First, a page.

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I've spoken with HP representatives a little bit, but I would like to get some real-world feedback.

I need a few servers and have pretty much settled on HP. I'm curious about the differences between the 100 and 300 series, aside from the basic differences in configurations and warranty.

I can configure something like a D180 to have similar specifications as a D380, including redundant fans and power and warranty, and they price out similarly. From what I've read the 100 series has a lower build quality than the 300, and that's something that I'm not going to find in a spec sheet.

If you've worked with models in each line, what are your opinions?

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2 Answers 2

up vote 4 down vote accepted

The DL180 only has 12 DIMM slots, the DL380 has 18 and has much more capable NICs, 6 PCIe slots, more sensors and MUCH better iLO.

I have to say that there's a reason the DL380 has been the best selling 2U server globally for about 4 years running, it's just one of those things in life that just does a 95% good job of 95% of the things you want. You can always find specific machines that are a tiny bit better than a 380 for certain things but they're just a great work-horse machine and I don't regret a one of those I've bought over the years (and we have hundreds of them around the place).

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The improved iLO in the 380 makes a big difference. I have used and supported both 100- and 300-series servers, and if I am given the choice I always go with the 300 series. They do seem to be built better (just an opinion) and are typically more expandable than their 100-series counterparts. 100-series machines seem to be the entry level/budget machines, and the 300-series are the HP flagship products. –  bta Feb 22 '10 at 19:17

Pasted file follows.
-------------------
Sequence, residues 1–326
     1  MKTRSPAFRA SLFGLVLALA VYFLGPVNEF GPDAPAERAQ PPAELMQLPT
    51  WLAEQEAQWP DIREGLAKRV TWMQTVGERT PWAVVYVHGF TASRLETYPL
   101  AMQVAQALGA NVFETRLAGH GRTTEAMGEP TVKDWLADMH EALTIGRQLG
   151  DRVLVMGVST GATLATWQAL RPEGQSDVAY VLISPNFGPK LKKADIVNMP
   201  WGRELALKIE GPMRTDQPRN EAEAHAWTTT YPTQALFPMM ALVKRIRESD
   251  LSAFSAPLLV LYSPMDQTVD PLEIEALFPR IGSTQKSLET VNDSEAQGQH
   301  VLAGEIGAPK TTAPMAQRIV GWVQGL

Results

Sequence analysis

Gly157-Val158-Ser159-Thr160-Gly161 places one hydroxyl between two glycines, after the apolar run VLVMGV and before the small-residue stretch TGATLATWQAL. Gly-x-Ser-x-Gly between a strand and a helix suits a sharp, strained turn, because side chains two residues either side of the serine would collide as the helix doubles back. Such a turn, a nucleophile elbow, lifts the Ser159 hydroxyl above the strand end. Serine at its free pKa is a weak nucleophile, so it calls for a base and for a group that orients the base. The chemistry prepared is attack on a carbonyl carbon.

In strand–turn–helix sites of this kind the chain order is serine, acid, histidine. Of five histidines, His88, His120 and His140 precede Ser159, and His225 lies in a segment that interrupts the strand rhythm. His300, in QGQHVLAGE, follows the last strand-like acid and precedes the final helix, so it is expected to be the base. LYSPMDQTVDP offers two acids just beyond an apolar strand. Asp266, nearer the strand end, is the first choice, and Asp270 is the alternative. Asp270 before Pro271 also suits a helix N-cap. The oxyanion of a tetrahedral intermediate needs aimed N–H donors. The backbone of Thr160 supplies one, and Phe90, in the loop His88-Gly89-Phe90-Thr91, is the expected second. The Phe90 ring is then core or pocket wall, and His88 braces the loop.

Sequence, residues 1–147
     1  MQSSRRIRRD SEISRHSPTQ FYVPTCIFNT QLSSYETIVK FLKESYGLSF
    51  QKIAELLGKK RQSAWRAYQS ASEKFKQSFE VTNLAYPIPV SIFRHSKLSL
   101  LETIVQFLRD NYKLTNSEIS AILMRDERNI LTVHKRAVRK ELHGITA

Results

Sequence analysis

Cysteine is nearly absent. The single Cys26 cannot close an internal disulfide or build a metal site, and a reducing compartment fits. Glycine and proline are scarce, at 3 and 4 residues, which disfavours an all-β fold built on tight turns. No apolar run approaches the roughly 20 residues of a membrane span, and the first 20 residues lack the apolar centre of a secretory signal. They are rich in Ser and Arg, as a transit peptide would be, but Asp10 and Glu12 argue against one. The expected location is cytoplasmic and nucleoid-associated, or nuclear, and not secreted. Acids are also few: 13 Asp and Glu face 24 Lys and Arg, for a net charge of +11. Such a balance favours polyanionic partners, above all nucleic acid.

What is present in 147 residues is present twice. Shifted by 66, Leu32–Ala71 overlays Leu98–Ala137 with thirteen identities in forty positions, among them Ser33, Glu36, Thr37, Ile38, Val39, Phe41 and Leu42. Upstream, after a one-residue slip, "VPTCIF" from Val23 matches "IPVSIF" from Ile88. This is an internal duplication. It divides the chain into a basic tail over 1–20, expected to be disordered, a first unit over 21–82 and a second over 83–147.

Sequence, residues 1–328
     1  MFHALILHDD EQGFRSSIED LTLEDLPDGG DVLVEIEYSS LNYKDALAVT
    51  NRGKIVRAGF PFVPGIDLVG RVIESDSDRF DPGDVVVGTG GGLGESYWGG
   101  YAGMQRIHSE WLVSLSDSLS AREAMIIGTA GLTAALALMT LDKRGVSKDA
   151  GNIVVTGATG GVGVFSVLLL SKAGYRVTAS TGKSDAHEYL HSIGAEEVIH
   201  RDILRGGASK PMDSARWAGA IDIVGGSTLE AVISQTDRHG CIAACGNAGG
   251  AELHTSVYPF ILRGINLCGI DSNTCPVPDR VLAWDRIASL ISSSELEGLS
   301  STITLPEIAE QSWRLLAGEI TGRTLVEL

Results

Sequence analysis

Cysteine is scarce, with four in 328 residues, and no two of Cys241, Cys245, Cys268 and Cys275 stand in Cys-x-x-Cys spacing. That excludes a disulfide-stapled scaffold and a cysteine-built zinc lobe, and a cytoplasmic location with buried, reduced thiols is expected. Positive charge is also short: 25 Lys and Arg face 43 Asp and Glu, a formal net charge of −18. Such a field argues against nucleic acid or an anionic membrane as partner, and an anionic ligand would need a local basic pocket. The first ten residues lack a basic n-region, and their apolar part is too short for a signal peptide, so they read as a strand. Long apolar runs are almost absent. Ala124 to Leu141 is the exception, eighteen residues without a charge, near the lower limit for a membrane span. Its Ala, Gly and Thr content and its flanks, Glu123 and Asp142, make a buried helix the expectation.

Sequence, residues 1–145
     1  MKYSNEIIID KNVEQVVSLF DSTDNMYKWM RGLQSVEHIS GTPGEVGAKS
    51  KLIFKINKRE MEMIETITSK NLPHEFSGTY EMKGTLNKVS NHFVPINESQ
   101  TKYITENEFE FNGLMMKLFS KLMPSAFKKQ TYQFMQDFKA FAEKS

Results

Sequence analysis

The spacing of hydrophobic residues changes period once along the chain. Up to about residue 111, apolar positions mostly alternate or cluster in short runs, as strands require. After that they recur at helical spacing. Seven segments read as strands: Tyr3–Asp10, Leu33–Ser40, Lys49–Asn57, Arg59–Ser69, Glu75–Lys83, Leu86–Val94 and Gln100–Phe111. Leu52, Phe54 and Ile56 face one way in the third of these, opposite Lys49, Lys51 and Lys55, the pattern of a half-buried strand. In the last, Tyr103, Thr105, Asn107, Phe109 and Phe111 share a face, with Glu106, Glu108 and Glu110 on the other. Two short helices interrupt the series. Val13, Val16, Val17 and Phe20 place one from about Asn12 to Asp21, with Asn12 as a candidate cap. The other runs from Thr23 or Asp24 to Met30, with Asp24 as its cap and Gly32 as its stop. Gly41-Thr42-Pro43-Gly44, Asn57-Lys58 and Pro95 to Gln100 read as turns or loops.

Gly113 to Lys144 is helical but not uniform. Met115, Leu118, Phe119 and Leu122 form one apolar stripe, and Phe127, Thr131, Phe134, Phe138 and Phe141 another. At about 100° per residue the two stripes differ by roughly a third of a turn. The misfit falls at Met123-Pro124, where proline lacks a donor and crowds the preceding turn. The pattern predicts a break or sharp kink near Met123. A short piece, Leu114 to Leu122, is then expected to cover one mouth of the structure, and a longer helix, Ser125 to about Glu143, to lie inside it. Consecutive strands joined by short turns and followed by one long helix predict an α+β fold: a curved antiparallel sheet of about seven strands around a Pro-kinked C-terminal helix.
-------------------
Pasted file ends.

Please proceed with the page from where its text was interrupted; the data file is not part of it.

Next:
totally agree with you, in particular the 380 G6 (oh which I has a small hand in the design in fact) is spectacularly expandable for its size. –  Chopper3 Feb 22 '10 at 22:11

Ive worked with both model lines and a company I previously worked for had a client that built motherboards for HP. As far as the actual build quality of the server, I don't know about that, I do know that between the different series of HP servers the internal components are manufactured the same and built for HP the same, just using different models of parts. I can tell you from years of experience there is not much difference, aside from the obvious spec differences. The hardware is basically the same, aside from some older chip sets etc. I can tell you they both will survive about a 8ft drop and turn on and continue to serve mail to your organization, that's from personal experience. I was never personally a fan of HP's hardware until I actually started using HP servers. They are all really well built and in comparison to other big name companies that make servers and desktops etc, HP is my personal choice over the other options.

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